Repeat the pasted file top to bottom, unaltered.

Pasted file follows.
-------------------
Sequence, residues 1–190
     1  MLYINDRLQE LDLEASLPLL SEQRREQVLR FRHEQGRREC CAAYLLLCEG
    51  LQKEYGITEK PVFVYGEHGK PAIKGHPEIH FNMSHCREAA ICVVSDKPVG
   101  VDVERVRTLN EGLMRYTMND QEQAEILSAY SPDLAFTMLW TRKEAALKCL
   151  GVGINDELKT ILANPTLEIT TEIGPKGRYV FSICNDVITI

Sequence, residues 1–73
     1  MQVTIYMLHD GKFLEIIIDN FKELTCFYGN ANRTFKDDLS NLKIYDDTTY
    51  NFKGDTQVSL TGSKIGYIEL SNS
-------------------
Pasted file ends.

Sequence, residues 1–190
     1  MLYINDRLQE LDLEASLPLL SEQRREQVLR FRHEQGRREC CAAYLLLCEG
    51  LQKEYGITEK PVFVYGEHGK PAIKGHPEIH FNMSHCREAA ICVVSDKPVG
   101  VDVERVRTLN EGLMRYTMND QEQAEILSAY SPDLAFTMLW TRKEAALKCL
   151  GVGINDELKT ILANPTLEIT TEIGPKGRYV FSICNDVITI

Sequence, residues 1–73
     1  MQVTIYMLHD GKFLEIIIDN FKELTCFYGN ANRTFKDDLS NLKIYDDTTY
    51  NFKGDTQVSL TGSKIGYIEL SNS